Ductless Range Hoods

Ductless range hoods are hoods that are have no duct work to evacuate the smoke and steam to the outside of the home. Using a ventless range hood is cost effective but compromises on the smoke and steam evacuation.

Ductless range hoods are most commonly seen in two basic types; in a microwave/exhaust hood combo, or an under-cabinet mount. The under-cabinet mount is the least expensive. The microwave style is good at accomplishing, be it at a diminished capacity, both microwave cooking and a ventless range hood.

The duty of range hoods is to shine light down on the cooking surface and also remove cooking pollutants from the indoor air. Ductless hoods do provide light but do not remove steam, and are somewhat efficient at removing smoke and cooking odors.

Some things to consider before purchasing:
  • The type of filter used
  • The CFM's of the fan
  • The Sone Rating

These types of hoods use a simple filter system
to filter out the smoke particles and other pollutants. The filter has charcoal as a medium to remove the smoke particles and cooking odors. This filter must be cleaned, and/or replaced on a regular basis. The good news is, the filters are inexpensive and readily available.

There is another type of range hood filter as well. It's a mesh type filter with no charcoal. These are the least efficient and does a lackluster job of doing any filtering. I do not recommend this type of filter. But they are easily cleaned and are reusable.

The CFM of the fan can be lower with a ductless range hood. The reason for this is the fact that the air is simply recirculated into the room. A guideline for this is 100 CFM, or more, per burner.

The Sone rating is the measurement of sound from the range hood. The lower the numbers the lower the sound emanated from the hood. The lower the sound the more likely you will be to use the hood, and without the annoyance of a loud fan.

Steam is not removed by ductless range hoods. The steam is simply recirculated into the home. This can be a downfall of this type of hood. Without having the excess moisture vented to the outside, a window may need to be opened to solve this problem. In the winter months when the humidity is very low, the extra moisture may be beneficial.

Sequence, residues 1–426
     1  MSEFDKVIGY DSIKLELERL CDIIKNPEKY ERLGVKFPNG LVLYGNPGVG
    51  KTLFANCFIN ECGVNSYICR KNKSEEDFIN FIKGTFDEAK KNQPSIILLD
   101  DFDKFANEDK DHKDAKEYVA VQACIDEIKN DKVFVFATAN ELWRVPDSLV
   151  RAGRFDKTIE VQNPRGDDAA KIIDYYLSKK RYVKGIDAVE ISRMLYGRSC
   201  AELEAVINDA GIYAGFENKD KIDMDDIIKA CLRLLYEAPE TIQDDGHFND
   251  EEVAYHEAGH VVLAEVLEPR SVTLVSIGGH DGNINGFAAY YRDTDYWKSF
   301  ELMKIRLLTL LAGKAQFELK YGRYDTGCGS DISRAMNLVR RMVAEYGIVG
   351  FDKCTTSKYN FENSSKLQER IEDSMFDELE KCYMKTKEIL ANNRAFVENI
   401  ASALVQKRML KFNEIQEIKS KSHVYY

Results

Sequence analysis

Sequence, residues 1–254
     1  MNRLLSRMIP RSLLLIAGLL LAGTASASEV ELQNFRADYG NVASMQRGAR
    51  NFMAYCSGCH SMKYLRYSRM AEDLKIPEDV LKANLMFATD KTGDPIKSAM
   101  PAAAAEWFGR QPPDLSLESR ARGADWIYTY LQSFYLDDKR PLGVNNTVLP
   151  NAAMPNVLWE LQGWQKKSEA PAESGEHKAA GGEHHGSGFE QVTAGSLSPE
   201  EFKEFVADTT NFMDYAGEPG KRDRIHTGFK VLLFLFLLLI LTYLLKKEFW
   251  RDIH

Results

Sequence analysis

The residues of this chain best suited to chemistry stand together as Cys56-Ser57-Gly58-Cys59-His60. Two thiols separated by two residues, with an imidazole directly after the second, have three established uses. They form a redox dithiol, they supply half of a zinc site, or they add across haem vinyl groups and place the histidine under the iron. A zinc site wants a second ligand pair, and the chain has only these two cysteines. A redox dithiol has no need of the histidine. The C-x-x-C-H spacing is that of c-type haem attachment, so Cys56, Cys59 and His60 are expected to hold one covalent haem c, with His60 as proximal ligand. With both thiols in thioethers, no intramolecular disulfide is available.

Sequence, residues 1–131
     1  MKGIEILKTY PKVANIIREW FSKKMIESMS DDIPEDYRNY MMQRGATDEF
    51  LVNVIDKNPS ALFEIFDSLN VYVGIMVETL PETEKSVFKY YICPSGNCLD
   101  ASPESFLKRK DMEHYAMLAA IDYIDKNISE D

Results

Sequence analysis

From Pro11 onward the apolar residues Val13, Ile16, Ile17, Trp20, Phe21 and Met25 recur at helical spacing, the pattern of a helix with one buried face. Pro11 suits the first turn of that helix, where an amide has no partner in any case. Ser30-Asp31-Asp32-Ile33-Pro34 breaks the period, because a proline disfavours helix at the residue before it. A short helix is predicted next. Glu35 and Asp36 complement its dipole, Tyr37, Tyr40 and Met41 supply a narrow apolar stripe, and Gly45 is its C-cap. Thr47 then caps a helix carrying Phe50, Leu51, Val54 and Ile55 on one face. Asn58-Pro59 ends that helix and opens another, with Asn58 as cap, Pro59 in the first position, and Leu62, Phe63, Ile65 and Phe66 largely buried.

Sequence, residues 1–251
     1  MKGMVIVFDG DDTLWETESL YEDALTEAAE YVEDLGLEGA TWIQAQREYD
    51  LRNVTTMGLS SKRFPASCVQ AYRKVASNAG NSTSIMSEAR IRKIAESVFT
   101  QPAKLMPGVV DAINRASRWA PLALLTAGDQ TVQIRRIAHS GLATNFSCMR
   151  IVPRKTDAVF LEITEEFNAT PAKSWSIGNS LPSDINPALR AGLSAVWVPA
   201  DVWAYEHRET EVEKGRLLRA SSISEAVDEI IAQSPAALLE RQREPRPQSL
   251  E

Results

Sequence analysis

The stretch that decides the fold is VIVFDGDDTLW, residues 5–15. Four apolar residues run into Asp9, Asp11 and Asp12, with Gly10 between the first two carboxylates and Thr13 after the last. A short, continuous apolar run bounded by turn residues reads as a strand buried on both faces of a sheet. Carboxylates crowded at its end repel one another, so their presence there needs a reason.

Be sure to check my other pages on range hoods. There are other hoods you might like.

Ventless range hoods may not be code approved in your area. It is a good idea to check with your local building department to determine this. Some codes require venting to the exterior of your home, and there may be specific electrical requirements as well.

The best thing about these hoods is the price. These hoods are relatively inexpensive, some for under $50. If you do not cook often or do not want to go through the process of cutting a hole in side of your house, this style hood is an alternative.

Also by not having a hole in the side of your house this will help you save on energy. How? By not letting heated or cooled air in or out of your home. With the ducted type hood there will always be an area exposed to the elements, and the possibility of letting your conditioned air out of your house.

Overall I think these are not a bad idea. They do have some downsides, but also has some positives. It's a personal decision and when taking these prior points into consideration it will also be a functional one.

When compared to a vented type hood, the cost of a ductless hood can be 1/10 the price. Some serious consideration needs to be done when comparing the ductless to ducted types of range hoods. Both have their advantages and the price reflects this. The vented type can be expensive.

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